Malaysia deports Australian Senator Nick Xenophon, deeming him enemy of the state

Adelaide Now

SOUTH Australian Senator Nick Xenophon snacked on McDonald’s and table crackers as he awaited deportation from Malaysia for being a threat to national security.

The Independent Senator is due to arrive in Melbourne in the morning after he sparked a diplomatic incident when he was detained at Kuala Lumpur airport during unofficial parliamentary business.

The independent Senator was stopped immediately on arrival in Malaysia, held in custody for 16 hours and put under security detail.

Former prime minister Kevin Rudd told Sky News today that: “detaining any member of an Australian parliament is just unacceptable”.

“I’m sure Bob Carr has the matter well in hand.”

Sure. You can always trust Bob Carr to throw Australian  taxpayers money at it.

While he said that he would disagree with Senator Xenophon on a range of matters, he said Australia should be “robust” with Malaysia over the incident.

Yes. Lets make sure the Muslims of Malaysia know we ‘disagree’. That always helps.

“I think we should be appropriately robust,” he said.

“It is absolutely laughable – I was due to have a meeting with a senior Government Minister among others,” Senator Xenophon said from an interrogation room where he was being held.

“The people detaining me have been polite but they told me the orders to get me out of the country immediately came from `high up’.

“They told me I am being deported under Section 81 of the Immigration Act, which says I pose a threat to the security of the country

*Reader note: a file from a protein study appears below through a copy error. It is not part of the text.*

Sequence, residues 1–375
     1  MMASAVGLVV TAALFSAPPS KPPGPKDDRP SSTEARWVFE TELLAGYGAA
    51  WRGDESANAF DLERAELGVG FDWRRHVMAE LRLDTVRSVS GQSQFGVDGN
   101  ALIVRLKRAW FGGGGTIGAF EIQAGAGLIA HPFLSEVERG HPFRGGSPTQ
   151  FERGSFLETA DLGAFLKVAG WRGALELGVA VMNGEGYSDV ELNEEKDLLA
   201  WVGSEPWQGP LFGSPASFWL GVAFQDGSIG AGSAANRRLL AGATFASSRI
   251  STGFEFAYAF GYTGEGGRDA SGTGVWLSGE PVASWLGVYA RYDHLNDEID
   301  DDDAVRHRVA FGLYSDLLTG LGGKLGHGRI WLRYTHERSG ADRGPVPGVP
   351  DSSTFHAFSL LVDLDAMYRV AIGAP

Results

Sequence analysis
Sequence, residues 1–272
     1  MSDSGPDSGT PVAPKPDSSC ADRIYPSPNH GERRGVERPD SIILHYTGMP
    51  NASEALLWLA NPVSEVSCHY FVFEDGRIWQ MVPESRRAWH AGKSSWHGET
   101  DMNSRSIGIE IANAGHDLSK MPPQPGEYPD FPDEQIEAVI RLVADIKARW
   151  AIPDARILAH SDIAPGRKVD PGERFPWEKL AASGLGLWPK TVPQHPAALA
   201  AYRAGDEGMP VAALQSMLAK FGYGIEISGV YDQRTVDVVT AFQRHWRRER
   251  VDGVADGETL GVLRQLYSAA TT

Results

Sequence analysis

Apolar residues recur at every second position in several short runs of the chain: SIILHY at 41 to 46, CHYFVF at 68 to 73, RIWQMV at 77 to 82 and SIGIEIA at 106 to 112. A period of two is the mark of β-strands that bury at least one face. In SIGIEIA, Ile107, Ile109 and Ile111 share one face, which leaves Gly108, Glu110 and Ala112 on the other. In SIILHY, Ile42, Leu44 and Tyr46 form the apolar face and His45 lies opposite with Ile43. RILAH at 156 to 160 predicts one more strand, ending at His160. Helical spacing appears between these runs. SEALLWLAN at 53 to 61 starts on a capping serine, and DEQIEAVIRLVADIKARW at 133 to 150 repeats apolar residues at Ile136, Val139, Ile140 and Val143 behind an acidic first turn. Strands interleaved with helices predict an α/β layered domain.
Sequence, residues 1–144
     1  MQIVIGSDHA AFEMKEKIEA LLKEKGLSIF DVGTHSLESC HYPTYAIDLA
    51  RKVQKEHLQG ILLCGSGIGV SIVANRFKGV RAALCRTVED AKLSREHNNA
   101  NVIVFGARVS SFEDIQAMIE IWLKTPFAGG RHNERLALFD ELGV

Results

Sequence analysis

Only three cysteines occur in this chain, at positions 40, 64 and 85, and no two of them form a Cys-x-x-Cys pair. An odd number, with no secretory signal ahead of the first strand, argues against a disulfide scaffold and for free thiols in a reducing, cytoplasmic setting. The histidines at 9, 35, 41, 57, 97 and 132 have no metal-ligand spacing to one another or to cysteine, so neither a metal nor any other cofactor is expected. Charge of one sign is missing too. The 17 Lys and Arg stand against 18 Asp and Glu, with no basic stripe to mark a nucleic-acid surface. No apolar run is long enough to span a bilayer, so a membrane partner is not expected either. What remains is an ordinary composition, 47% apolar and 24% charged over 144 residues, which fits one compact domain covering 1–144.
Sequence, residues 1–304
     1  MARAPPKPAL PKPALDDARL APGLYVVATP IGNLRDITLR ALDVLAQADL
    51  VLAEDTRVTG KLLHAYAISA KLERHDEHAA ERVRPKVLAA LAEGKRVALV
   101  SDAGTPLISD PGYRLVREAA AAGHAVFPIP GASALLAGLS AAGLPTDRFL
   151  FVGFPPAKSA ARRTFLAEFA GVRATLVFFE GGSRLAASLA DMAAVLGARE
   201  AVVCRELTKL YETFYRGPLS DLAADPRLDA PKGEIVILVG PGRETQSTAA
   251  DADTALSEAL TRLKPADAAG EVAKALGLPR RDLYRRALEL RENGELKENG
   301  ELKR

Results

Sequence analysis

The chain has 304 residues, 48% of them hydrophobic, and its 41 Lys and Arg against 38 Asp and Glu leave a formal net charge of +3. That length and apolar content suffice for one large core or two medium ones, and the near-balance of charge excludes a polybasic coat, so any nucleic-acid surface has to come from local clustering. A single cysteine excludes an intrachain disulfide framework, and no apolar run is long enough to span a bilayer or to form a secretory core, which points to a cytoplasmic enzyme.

“This was supposed to be a low-key visit by members of the major parties but now it has blown up into an international incident. It confirms all the concerns that have been raised about people being opposed to any kind of electoral reform.”

His detainment triggered a diplomatic incident, with Foreign Minister Bob Carr demanding his immediate release.

“We are seeking a full explanation of this,” he said. “We think it is sad for a friendly country to deport an Australian member of Parliament, who was up there for peaceful purposes.”.

Australia’s concerns were immediately raised with Malaysia’s Foreign Minister, the Minister for Home Affairs and the Malaysian High Commissioner to Australia.

Austalian High Commissioner Miles Kupa was allowed to see Senator Xenophon late yesterday – bringing him a takaway meal to supplement the biscuits he was fed – and he was moved from an interrogation room adjoining female prison cells to an office area before being taken to an airport lounge.

Senator Xenophon co-authored an international observers’ group report released last year on the Malaysian electoral system that was critical of gerrymanders and that called for significant electoral reform.

His deportation caused an Australian delegation of MPs to cancel their planned visit to the country. Liberal MP Mal Washer, Nationals Senator John Williams and ALP MP Steve Georganas were to join Senator Xenophon to meet Opposition Leader Anwar Ibrahim, as well as Malaysia’s minister in charge of parliamentary affairs Mohammed Nazri ahead of Malaysia’s elections.

Senator Xenophon joined the Customs queue on arrival at Kuala Lumpur but was told there were “irregularities” with his passport and was taken to an interrogation room.

He was told he was not allowed to make calls but managed to make a call to the Sunday Mail when he was briefly left unattended and send a photograph of himself.

“I am effectively a prisoner here,” he said. “The whole situation is ridiculous; we are meant to be the closest of friends with Malaysia. We are meant to be having a people-swap deal on asylum seekers but so far it looks like the only person being swapped is me.”

Senator Xenophon, who paid for his own trip, had planned to stay in Malaysia until Tuesday night.

He plans to hold a press conference upon his arrival into Melbourne.


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